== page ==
Regarding married women general awareness about the use of family planning methods, a large number of 654 (94.4%) of the respondents knew that it is used for spacing, whereas only 19 (2.7%) of them responded as it is used for limiting which supports study conducted in Mekelle town where 65% of women use contraception for child spacing and 17% for limitation. This result is inversely related with the study conducted in Nigeria where, 30% of women contraception for child spacing versus 70% uses it for permanent limitation for number of children. This might be related to the fact that large number (61.3%) of the married women having the need to have more child for the future as well as misconception on presence of family planning methods which are considered as cultural taboo and religious taboo in the study community.

In this study 17.3% of the married women were utilizing implants. This finding was a bit higher as compared with study done in Mekelle (11%) and report of EDHS, 2011 (3.8%) [9,31]. This might be due difference in time gap since there is an increment of nongovernmental organization which works on long acting and permanent contraceptive. Similarly, 12.9% of the married women were use IUCD the finding was higher than finding of study done in Mekelle (1.5%) and EDHS, 2011 (3.8%) [9,31].

Of the total participants, 73.4% of the married women heard about LARCM, and 73% of the respondents were aware that Implant prevents pregnancy for 3 years. Among the participants, 55% of the respondents were aware of that IUCD can prevent pregnancies for 10 years, whereas 45% were not sure that IUCD can prevent pregnancy for 10 years.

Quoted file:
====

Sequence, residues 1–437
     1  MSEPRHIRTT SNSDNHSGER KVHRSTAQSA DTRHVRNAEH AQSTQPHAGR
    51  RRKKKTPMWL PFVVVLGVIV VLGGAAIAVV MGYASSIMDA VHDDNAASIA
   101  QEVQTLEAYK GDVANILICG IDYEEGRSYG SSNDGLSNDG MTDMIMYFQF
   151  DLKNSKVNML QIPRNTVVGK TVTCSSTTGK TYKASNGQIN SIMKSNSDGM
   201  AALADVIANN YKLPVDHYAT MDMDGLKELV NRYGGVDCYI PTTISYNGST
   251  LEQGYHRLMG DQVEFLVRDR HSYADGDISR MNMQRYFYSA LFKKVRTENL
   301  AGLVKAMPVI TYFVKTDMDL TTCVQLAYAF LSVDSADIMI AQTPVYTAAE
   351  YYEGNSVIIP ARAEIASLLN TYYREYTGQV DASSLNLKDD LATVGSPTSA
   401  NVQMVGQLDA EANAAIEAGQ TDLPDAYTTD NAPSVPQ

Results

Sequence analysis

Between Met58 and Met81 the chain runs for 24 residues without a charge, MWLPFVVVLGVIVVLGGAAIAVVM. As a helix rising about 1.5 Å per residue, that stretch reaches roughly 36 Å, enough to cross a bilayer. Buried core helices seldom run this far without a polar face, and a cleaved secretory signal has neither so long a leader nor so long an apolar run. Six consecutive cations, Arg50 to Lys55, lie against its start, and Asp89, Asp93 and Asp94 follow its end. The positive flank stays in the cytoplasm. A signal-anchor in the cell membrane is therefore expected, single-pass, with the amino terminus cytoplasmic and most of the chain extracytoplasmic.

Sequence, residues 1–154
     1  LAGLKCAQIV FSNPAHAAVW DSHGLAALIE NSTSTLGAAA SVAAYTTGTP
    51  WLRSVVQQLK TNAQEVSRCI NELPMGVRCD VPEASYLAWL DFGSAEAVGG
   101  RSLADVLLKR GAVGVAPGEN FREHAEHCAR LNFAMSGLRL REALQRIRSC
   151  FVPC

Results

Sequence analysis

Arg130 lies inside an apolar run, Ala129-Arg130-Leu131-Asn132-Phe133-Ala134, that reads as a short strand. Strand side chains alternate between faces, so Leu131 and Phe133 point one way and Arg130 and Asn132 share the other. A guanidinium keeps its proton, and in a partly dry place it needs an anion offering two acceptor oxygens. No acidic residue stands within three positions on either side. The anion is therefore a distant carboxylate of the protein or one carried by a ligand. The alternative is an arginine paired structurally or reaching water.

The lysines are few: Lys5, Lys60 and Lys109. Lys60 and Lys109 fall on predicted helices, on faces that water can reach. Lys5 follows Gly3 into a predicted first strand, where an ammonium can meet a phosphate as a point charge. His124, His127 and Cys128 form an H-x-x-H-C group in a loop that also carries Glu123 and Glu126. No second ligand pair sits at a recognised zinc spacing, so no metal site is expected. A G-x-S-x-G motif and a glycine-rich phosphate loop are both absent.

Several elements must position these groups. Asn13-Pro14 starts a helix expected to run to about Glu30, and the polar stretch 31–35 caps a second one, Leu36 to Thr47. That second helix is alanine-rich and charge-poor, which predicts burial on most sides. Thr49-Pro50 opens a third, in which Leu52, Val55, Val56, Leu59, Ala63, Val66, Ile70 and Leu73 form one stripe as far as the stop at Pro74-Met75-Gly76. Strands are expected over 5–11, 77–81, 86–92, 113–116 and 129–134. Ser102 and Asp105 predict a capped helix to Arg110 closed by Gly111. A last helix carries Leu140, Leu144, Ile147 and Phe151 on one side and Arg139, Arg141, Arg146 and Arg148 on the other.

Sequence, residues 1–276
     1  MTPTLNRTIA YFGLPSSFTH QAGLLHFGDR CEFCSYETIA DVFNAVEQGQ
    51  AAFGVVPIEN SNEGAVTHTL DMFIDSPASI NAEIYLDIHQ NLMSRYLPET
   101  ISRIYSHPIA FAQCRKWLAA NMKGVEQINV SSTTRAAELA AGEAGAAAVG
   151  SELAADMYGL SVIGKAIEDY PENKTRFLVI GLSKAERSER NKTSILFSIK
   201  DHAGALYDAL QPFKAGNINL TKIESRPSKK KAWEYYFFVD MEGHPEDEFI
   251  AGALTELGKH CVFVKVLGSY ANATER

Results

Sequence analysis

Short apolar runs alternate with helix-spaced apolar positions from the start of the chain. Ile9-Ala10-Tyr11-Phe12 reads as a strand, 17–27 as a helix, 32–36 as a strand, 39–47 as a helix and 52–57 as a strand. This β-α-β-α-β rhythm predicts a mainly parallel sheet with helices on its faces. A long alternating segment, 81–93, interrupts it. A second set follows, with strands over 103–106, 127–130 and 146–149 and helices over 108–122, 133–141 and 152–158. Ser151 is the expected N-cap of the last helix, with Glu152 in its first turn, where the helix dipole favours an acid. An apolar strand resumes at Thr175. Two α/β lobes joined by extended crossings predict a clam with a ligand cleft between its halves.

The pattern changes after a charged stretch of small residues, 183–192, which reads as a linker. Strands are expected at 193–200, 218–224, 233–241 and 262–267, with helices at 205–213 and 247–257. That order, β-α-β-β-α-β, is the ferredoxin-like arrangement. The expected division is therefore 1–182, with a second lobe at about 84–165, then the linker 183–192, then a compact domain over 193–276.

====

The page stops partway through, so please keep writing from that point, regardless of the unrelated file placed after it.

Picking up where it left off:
On the other hand, this study has focused on an examination of a variety of factors which determine utilization of long acting reversible contraceptive methods. As a result, the study generally recognized that utilization of long acting reversible contraceptive methods were depend on individual factors like age of women, socioeconomic status like occupation of the women and her educational level and also attitude towards long acting contraceptive methods. Hence, this all above mentioned factors were appeared to be the most important determinants of the utilization of LARCMs.

Having too many children in other words big family size was found to have significant association with use of long acting methods in this study though it did not remain significant when entered to the multivariate model with other variables. This might be related to lack of knowledge, religious and cultural norms favoring high fertility. Moreover, their educational level and lack of employment opportunities to participate in the labor force combined with strong social pressure that forces them to marry early and reproduce children prevent them from using family planning services and thus remained the cause to have more children in their life time.

The use of a modern method among married women is lowest, among women aged 15-19, gradually increases, and then decreases again toward the end of the reproductive years. Regarding the source where they get LARCM, majority (96.6%) of the married women responded that they get the service from public institution which is consistent with the finding of Mekelle and EDHS 2011.